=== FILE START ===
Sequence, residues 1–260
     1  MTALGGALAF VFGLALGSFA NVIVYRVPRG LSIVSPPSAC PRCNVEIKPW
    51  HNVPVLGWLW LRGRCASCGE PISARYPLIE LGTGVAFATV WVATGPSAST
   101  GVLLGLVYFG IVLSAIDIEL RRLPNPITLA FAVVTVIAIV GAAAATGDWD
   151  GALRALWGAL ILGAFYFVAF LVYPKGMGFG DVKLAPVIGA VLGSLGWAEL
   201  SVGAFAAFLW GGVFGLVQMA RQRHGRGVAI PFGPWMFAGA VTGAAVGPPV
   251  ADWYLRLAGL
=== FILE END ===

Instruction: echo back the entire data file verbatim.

Sequence, residues 1–260
     1  MTALGGALAF VFGLALGSFA NVIVYRVPRG LSIVSPPSAC PRCNVEIKPW
    51  HNVPVLGWLW LRGRCASCGE PISARYPLIE LGTGVAFATV WVATGPSAST
   101  GVLLGLVYFG IVLSAIDIEL RRLPNPITLA FAVVTVIAIV GAAAATGDWD
   151  GALRALWGAL ILGAFYFVAF LVYPKGMGFG DVKLAPVIGA VLGSLGWAEL
   201  SVGAFAAFLW GGVFGLVQMA RQRHGRGVAI PFGPWMFAGA VTGAAVGPPV
   251  ADWYLRLAGL